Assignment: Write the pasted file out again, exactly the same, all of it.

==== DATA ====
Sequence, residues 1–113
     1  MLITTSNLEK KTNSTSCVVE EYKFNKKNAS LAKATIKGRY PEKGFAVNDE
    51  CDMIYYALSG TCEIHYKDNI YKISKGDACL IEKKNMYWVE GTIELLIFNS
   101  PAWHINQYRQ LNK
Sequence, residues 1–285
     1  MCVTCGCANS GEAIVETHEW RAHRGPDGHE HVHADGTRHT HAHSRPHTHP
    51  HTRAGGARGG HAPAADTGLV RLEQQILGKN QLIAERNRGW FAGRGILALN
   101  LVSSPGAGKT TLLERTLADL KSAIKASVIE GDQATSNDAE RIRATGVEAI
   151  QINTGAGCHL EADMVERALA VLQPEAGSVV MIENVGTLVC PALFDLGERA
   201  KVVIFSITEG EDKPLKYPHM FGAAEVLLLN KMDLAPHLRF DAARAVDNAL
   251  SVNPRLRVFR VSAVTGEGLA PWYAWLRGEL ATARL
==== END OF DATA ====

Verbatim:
Sequence, residues 1–113
     1  MLITTSNLEK KTNSTSCVVE EYKFNKKNAS LAKATIKGRY PEKGFAVNDE
    51  CDMIYYALSG TCEIHYKDNI YKISKGDACL IEKKNMYWVE GTIELLIFNS
   101  PAWHINQYRQ LNK
Sequence, residues 1–285
     1  MCVTCGCANS GEAIVETHEW RAHRGPDGHE HVHADGTRHT HAHSRPHTHP
    51  HTRAGGARGG HAPAADTGLV RLEQQILGKN QLIAERNRGW FAGRGILALN
   101  LVSSPGAGKT TLLERTLADL KSAIKASVIE GDQATSNDAE RIRATGVEAI
   151  QINTGAGCHL EADMVERALA VLQPEAGSVV MIENVGTLVC PALFDLGERA
   201  KVVIFSITEG EDKPLKYPHM FGAAEVLLLN KMDLAPHLRF DAARAVDNAL
   251  SVNPRLRVFR VSAVTGEGLA PWYAWLRGEL ATARL